Arrestment is a Scottish debt recovery remedy. It is frequently used by commercial landlords to recover arrears due under a registered lease.

Arrestment involves messengers at arms or sheriff officers (similar to bailiffs) serving an arrestment on a third party that owes a debt or a liability to account to the tenant. If the arrestment is successful, it obliges the third party to account to the landlord instead of the tenant, up to either the value of the third party's liability or the arrears (whichever is lower).

The most common third party arrested by a landlord is the tenant's bank. Under a banking contract, the bank is normally obliged to pay the tenant any money it holds on its behalf if the tenant asks for it. That is a liability to account that is arrestable.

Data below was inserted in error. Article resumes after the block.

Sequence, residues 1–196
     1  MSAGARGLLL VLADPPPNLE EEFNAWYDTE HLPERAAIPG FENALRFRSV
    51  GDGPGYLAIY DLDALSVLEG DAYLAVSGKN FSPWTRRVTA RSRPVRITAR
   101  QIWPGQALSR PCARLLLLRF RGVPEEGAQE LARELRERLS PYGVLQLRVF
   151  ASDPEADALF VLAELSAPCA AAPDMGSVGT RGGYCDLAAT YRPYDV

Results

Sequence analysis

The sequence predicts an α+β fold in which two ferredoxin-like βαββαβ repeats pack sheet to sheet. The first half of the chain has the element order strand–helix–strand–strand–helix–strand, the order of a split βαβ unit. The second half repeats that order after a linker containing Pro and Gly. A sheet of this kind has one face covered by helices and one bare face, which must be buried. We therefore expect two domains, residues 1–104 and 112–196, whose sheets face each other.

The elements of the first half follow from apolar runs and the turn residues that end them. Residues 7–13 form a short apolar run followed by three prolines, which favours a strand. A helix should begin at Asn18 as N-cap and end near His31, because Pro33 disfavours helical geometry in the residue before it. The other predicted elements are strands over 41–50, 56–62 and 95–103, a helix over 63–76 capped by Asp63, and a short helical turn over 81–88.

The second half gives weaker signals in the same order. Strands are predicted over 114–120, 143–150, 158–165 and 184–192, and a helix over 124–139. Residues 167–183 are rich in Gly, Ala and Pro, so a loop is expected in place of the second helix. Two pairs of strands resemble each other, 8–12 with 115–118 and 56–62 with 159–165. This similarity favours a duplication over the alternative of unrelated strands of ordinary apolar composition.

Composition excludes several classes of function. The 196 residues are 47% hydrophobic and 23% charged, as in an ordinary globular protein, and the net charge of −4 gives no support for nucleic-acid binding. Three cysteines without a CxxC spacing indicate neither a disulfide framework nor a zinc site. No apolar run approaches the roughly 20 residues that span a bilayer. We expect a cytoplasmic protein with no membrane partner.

Traditionally, the banking contract only obliged a bank to pay its customer at the place where the account was kept.

Accounts have changed over the years. Terms and conditions have evolved, and banks are often now obliged to pay their customers at any of their branches.

The consequence of this is that tenants who have bank accounts outside of Scotland are no longer safe from arrestment.

If they have agreed terms with their bank that require the bank to pay them on demand at a Scottish branch, an arrestment served on that branch will arrest all money held by the bank, wherever that account is located.

That makes arrestment a powerful tool for a landlord. Tenants may need to review their banking contracts as a result. And banks should beware that if they get the arrestment wrong, they may have to pay the debt themselves.


Matt Farrell